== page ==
Parallel Systems secures US$.4.5m for advanced testing of autonomous rail project

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The US Department of Energy (DOE) has awarded US$4,438,897 as part of its Advanced Research Projects Agency-Energy (ARPA-E) initiative to Parallel Systems, a company founded by former SpaceX engineers to create autonomous battery-electric rail vehicles.

The ARPA-E program, developed to advance high-potential, high-impact energy technologies, will fund a 29-month advanced testing program with Parallel’s autonomous, battery-powered rail vehicles and a range of partners starting in the second quarter of 2022.

As part of the funding, the merits and implementation strategy of Parallel’s autonomous freight system will be analyzed by DOE’s National Renewable Energy Laboratory (NREL) and the Rail Transportation and Engineering Center (RailTEC) at the University of Illinois, leveraging the ALTRIOS open-source railway modeling software. The vehicles will be tested with Transportation Technology Center, Inc. (TTCI), a subsidiary of the American Association of Railroads.

“Our mission is to decarbonize freight by building a cleaner, automated rail future,” said Matt Soule, co-founder and CEO at Parallel. “The funds awarded from the Department of Energy will help us achieve our mission by supporting Parallel through our advanced testing phase. This critical step will enable us to move trucking freight to clean rail and accelerate the decarbonization of the entire freight industry.”

The overarching aim of the advanced testing program is to demonstrate three key features of Parallel’s system: overall vehicle stability, contact-based platooning and energy efficiency.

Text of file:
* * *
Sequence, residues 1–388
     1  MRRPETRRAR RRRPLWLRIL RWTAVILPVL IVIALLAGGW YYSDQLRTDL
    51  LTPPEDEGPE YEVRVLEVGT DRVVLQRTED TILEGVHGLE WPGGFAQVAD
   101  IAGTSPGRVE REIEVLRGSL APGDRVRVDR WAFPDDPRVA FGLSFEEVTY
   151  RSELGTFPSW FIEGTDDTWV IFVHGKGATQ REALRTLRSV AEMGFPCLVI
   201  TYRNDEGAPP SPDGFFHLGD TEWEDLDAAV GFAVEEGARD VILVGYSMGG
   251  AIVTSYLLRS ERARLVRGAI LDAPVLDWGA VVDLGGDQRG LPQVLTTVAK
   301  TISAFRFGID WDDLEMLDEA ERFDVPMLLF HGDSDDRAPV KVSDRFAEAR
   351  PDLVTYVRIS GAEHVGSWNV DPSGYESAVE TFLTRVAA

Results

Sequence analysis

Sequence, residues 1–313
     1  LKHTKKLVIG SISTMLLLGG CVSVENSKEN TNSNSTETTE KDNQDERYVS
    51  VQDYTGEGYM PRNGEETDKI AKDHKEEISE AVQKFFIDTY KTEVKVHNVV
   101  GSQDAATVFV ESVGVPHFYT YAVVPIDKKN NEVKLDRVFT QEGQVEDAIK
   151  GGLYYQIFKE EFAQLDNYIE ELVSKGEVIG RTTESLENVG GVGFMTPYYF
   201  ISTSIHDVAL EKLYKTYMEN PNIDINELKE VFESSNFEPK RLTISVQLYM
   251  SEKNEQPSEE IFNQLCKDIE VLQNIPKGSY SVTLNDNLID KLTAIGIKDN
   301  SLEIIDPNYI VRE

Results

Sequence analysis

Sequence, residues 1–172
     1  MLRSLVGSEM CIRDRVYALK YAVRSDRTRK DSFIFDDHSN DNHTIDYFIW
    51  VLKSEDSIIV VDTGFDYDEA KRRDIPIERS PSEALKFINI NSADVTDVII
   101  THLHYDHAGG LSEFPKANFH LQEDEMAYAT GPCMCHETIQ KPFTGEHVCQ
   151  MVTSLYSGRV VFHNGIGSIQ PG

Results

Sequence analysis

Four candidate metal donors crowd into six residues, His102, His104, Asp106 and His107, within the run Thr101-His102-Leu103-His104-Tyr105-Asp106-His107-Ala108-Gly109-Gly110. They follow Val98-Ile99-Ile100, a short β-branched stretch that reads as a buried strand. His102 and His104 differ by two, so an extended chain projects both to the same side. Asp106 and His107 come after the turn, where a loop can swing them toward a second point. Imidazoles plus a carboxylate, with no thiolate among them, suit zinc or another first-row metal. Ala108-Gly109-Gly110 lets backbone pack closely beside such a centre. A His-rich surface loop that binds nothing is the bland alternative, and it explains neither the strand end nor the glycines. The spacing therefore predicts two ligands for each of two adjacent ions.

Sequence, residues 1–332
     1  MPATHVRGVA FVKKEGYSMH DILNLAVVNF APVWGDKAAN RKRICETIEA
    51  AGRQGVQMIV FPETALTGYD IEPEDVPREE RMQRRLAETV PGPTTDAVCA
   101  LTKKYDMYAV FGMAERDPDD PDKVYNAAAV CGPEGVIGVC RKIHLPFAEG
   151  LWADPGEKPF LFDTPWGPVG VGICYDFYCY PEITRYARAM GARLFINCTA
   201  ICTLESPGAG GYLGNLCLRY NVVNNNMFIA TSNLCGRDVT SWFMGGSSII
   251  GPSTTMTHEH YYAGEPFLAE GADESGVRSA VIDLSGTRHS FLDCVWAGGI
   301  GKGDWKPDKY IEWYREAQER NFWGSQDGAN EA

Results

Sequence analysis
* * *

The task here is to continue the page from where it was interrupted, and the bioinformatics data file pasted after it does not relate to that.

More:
The autonomous rail vehicles will be evaluated for track-worthiness in Pueblo, Colorado, at TTCI’s state-of-the-art testing facility. TTCI will collect data around how Parallel vehicles perform on the tracks in various conditions, including dynamic stability in twist and roll, pitch and bounce, and yaw and sway. The tests will benchmark the new vehicle dynamic performance against the requirements of traditional freight rail vehicles. NREL and RailTEC will collaborate to model the vehicles and system performance.

The testing program will also analyze Parallel’s contact-based platooning method and platoon dynamics. Specifically, the ARPA-E funding will advance Parallel’s innovative contact-based platooning by providing further research on bumper designs, control logic, and resultant reduction in energy.

NREL and RailTEC will evaluate the energy efficiency and environmental attributes of Parallel’s vehicles, with the technology one of the first to be evaluated by NREL’s Advanced Locomotive Technology and Rail Infrastructure Optimization System (ALTRIOS) software. ALTRIOS is an ARPA-E-funded tool designed to simulate and optimize energy conversion and storage dynamics, train dynamics, meet-pass planning (detailed train timetabling), and freight-demand-driven train scheduling. This will help determine the optimal amount of energy Parallel needs to run and maintain its system, enabling the company to meet charging demands. The software will also evaluate the merits of distributing the energy storage and investigate the improved network capacity and resilience achieved with self-propelled cars.

Parallel’s business model is to give railroads the tools to convert some of the US$700bn US trucking industry to rail and operate alongside existing rail operations. Trucking freight accounts for 444,000,000 metric tons of carbon dioxide, or approximately 7%, of the USA’s greenhouse gasses (GHGs); consumes 45 billion gallons of diesel annually; and grows in volume (ton-miles) by 4% each year. ARPA-E funding can unlock Parallel Systems’ efforts to achieve a meaningful impact on GHG emissions and diesel imports.

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Lawrence has been covering engineering subjects – with a focus on motorsport technology – since 2007 and has edited and contributed to a variety of international titles. Currently, he is responsible for content across UKI Media & Events' portfolio of websites while also writing for the company's print titles.




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